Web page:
The best remedy for those who are afraid, lonely or unhappy is to go outside, somewhere where they can be quiet, alone with the heavens, nature and God. Because only then does one feel that all is as it should be.

Anne Frank

I believe in scientific inquiry for its own sake. I think the history of science gives ample examples that pure investigation has enormous benefit. ... I can't tell you what this might be good for, but learning about nature is important. And lovely things turn up.

James Van Allen

An unjust composition never fails to contain error and falsehood. Therefore an unjust connection of ideas is not derived from nature, but from the imperfect composition of man. Misconnection of ideas is the same as misjudging, and has no positive existence, being merely a creature of the imagination; but nature and truth are real and uniform; and the rational mind by reasoning, discerns the uniformity, and is thereby enabled to make a just composition of ideas, which will stand the test of truth. But the fantastical illuminations of the credulous and superstitious part of mankind, proceed from weakness, and as far as they take place in the world subvert the religion of REASON, NATURE and TRUTH.

Ethan Allen

The idea of a God we infer from our experimental dependence on something superior to ourselves in wisdom, power and goodness, which we call God; our senses discover to us the works of God which we call nature, and which is a manifest demonstration of his invisible essence. Thus it is from the works of nature that we deduce the knowledge of a God, and not because we have, or can have any immediate knowledge of, or revelation from him.

Ethan Allen

Princes may make laws and repeal them, but they can neither make nor destroy virtue, and how indeed should they be able to do what is impossible to the Deity himself? Virtue being as immutable in its nature as the divine will which is the ground of it.

Ethan Allen

Physical evils are in nature inseparable from animal life, they commenced existence with it, and are its concomitants through life; so that the same nature which gives being to the one, gives birth to the other also; the one is not before or after the other, but they are coexistent together, and contemporaries; and as they began existence in a necessary dependance on each other, so they terminate together in death and dissolution. This is the original order to which animal nature is subjected, as applied to every species of it. The beasts of the field, the fowls of the air, the fishes of the sea, with reptiles, and all manner of beings, which are possessed with animal life; nor is pain, sickness, or mortality any part of God's Punishment for sin. On the other hand sensual happiness is no part of the reward of virtue: to reward moral actions with a glass of wine or a shoulder of mutton, would be as inadequate, as to measure a triangle with sound, for virtue and vice pertain to the mind, and their merits or demerits have their just effects on the conscience, as has been before evinced: but animal gratifications are common to the human race indiscriminately, and also, to the beasts of the field: and physical evils as promiscuously and universally extend to the whole, so "That there is no knowing good or evil by all that is before us, for all is vanity." It was not among the number of possibles, that animal life should be exempted from mortality: omnipotence itself could not have made it capable of externalization and indissolubility; for the self same nature which constitutes animal life, subjects it to decay and dissolution; so that the one cannot be without the other, any more than there could be a compact number of mountains without valleys, or that I could exist and not exist at the same time, or that God should effect any other contradiction in nature...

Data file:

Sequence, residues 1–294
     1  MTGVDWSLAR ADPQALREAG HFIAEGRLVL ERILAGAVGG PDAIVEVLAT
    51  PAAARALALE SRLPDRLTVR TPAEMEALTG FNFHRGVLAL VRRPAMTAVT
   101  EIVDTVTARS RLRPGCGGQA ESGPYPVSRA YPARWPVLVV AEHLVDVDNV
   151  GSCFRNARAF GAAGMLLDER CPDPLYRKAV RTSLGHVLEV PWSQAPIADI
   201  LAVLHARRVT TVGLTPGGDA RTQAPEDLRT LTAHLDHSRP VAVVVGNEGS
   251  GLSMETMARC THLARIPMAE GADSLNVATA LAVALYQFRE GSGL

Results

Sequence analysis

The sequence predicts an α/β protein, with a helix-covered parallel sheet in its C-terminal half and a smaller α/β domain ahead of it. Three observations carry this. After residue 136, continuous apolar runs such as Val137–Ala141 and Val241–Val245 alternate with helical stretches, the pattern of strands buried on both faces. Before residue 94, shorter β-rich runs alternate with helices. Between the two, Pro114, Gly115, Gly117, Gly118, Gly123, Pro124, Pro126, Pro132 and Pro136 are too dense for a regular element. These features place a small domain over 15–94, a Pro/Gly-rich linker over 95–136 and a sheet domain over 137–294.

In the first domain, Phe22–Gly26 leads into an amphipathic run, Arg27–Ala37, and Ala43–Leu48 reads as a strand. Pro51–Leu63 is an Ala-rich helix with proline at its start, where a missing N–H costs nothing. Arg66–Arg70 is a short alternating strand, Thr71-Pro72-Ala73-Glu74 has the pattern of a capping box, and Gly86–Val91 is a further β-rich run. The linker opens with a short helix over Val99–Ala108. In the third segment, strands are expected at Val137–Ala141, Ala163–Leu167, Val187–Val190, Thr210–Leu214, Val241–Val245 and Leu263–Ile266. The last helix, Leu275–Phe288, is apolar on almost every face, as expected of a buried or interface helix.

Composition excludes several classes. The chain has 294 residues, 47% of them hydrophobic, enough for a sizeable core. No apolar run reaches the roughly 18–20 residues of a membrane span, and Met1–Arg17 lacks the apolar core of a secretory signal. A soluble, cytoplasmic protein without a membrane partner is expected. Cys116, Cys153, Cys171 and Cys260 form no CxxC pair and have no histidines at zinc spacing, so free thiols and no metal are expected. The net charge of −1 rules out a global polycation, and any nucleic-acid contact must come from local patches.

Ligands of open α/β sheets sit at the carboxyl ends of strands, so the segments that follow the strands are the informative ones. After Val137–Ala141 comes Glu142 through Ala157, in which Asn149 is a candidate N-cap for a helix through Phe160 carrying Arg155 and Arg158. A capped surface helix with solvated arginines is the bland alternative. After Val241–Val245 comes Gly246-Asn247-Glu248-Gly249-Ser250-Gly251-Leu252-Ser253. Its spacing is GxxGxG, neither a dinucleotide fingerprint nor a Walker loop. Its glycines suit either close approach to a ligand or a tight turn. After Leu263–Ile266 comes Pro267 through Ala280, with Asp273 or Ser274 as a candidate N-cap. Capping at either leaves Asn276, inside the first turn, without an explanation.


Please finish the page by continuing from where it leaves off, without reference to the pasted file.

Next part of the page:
Ethan Allen